CDC Order – Federal Information
The Centers for Disease Control originally announced the publication of an Order on Sept. 4, 2020, creating a “Temporary Halt on Evictions” program applicable to tenants who have suffered economic impacts as a result of the COVID-19 pandemic and fallen behind on their rent. By providing a “CDC Declaration form” to their Landlord, tenants establish their eligibility to temporarily delay the final process of eviction for non-payment of rent. The Order originally prevented such tenants from being removed from their homes until after Jan. 1, 2021.
This date was extended to July 31, 2021, with the CDC declaring it would be the final extension. The Supreme Court ruled in early July that no extension of the Order would be legal unless authorized by an Act of Congress. Congress went into recess on July 30th with no action on such an authorization, bringing the CDC Order to an end on July 31st.
Update – August 27, 2021
Thursday evening, the Supreme Court issued an Opinion that blocked the Biden administration’s recently reissued CDC Order, which had protected eligible tenants from actual eviction from their rental homes. “If a federally imposed eviction moratorium is to continue, Congress must specifically authorize it,” the court wrote in an unsigned, eight-page opinion.
In the unsigned eight-page majority opinion the Supreme Court stated the CDC, in barring evictions, relied on “a decades-old statute that authorizes it to implement measures like fumigation and pest extermination” and “strains credulity to believe that this statue grants the CDC the sweeping authority that asserts”
What does this mean?
This means that starting on Aug. 27th, evictions will no longer be “halted” by CDC Declarations. Cases that are in the process anywhere in the nation can now proceed all the way to a conclusion, when necessary, up to and including lock-out/set-out. A couple of important additional items, however, are worth raising for you as reminders:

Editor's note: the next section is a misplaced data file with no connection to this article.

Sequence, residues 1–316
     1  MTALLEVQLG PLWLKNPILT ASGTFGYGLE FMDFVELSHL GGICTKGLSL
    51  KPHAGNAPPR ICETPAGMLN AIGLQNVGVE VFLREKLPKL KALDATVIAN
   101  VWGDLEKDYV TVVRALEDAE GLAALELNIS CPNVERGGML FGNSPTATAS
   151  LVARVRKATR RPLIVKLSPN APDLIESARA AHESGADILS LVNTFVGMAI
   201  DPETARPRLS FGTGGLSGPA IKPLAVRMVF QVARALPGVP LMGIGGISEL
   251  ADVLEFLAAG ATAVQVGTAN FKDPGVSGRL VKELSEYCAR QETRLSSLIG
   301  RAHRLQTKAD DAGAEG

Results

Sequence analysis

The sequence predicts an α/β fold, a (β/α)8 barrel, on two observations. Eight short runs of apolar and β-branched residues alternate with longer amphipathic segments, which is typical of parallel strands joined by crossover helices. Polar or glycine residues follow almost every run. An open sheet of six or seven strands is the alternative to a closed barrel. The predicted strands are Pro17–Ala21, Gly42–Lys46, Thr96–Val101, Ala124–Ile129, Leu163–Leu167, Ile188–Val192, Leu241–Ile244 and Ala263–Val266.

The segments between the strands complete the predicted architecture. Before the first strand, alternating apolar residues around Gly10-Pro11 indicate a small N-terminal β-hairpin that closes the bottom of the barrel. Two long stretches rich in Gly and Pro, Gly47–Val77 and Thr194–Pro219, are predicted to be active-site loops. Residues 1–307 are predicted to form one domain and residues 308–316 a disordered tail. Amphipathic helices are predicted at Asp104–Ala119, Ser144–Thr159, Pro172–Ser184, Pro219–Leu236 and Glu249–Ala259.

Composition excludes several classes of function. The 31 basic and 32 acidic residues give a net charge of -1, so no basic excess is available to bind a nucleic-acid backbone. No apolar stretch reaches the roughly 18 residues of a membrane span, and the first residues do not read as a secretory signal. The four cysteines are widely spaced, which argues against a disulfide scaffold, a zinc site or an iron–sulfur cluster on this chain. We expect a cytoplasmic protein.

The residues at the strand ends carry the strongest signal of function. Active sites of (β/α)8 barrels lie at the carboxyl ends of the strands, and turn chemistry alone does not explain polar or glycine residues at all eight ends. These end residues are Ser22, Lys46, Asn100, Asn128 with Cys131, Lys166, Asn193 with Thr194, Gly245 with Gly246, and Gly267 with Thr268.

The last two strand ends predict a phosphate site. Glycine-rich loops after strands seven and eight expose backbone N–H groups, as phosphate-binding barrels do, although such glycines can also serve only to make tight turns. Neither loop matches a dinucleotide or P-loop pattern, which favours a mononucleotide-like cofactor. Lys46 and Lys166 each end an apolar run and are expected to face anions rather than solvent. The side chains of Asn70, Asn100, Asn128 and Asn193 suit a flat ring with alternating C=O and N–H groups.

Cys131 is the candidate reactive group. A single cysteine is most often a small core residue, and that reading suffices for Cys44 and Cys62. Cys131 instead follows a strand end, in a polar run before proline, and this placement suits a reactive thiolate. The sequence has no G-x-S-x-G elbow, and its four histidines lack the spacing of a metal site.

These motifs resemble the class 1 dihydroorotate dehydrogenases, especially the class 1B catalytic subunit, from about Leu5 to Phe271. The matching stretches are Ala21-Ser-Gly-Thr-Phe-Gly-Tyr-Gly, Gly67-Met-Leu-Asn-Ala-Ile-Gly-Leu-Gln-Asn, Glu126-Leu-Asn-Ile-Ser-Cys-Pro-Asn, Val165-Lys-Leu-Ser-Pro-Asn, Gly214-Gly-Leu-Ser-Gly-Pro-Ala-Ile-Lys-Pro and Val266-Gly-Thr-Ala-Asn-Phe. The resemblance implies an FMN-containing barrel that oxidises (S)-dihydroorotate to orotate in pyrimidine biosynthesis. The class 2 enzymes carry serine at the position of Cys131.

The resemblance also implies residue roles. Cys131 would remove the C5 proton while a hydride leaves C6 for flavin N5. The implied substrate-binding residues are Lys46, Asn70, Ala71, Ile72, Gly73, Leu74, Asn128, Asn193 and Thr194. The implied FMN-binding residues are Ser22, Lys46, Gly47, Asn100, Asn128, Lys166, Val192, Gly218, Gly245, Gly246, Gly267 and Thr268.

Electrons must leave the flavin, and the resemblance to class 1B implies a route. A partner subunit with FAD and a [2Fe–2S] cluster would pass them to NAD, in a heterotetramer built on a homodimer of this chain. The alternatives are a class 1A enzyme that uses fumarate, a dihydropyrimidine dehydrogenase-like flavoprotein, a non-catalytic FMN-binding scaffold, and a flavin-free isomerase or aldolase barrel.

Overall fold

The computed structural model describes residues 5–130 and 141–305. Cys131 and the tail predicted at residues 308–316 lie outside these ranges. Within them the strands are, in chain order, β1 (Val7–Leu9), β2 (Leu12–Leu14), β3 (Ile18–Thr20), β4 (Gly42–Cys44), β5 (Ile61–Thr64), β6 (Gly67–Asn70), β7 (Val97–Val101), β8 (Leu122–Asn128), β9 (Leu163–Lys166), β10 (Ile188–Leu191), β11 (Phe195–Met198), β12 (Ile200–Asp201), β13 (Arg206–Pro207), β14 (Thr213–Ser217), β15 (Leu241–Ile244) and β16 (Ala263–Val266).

1.) The CARES Act is still the law today and was not impacted by the Supreme Court’s decision. So, “Covered Properties” should still expect to send 30-day notices to tenants prior to filing cases for ‘non-payment of rent’, as those NTVs will likely remain required into the foreseeable future;
2.) ALL landlords remain subject to the terms and conditions agreed to as part of rental assistance programs they take part in. We encourage our clients to ALWAYS provide us with copies of all written rental assistance program documentation with any new case submissions, so we can review them and advise of any issues raised by those Agreements.
Want to learn more about the Supreme Court Decision? Click the button below to get the L&B Guide!
What does the Order do?
According to the CDC, the Order “temporarily halts residential evictions of covered persons for nonpayment of rent. This means that a landlord, owner of a residential property, or other person with a legal right to pursue an eviction or a possessory action cannot evict for nonpayment of rent any covered person from any residential property in any U.S. state or U.S. territory where the Order applies.”
Who is a “covered person” for the purposes of this Order?
- The individual has used their best efforts to obtain all available government assistance for rent or housing;
- The individual either (i) expects to earn no more than $99,000 in annual income for Calendar Year 2020-2021 (or no more than $198,000 if filing a joint tax return), (ii) was not required to report any income in 2019 to the U.S. Internal Revenue Service, or (iii) received an Economic Impact Payment (stimulus check) pursuant to Section 2201 of the CARES Act;
- The individual is unable to pay the full rent or make a full housing payment due to substantial loss of household income, loss of compensable hours of work or wages, a lay-off, or extraordinary out-of-pocket medical expenses.
- The individual is using best efforts to make timely partial payments that are as close to the full payment as the individual’s circumstances may permit, taking into account other non-discretionary expenses.
- Eviction would likely render the individual homeless— or force the individual to move into and live in close quarters in a new congregate or shared living setting—because the individual has no other available housing options.
For NC Only as of June 29, 2021:
See previous email campaign regarding the cancelation of Governor Cooper’s executive orders.
- There is no longer an obligation to provide a blank CDC Declaration form prior to filing a Complaint in Summary Ejectment, and no accompanying Affidavit must be submitted to the Court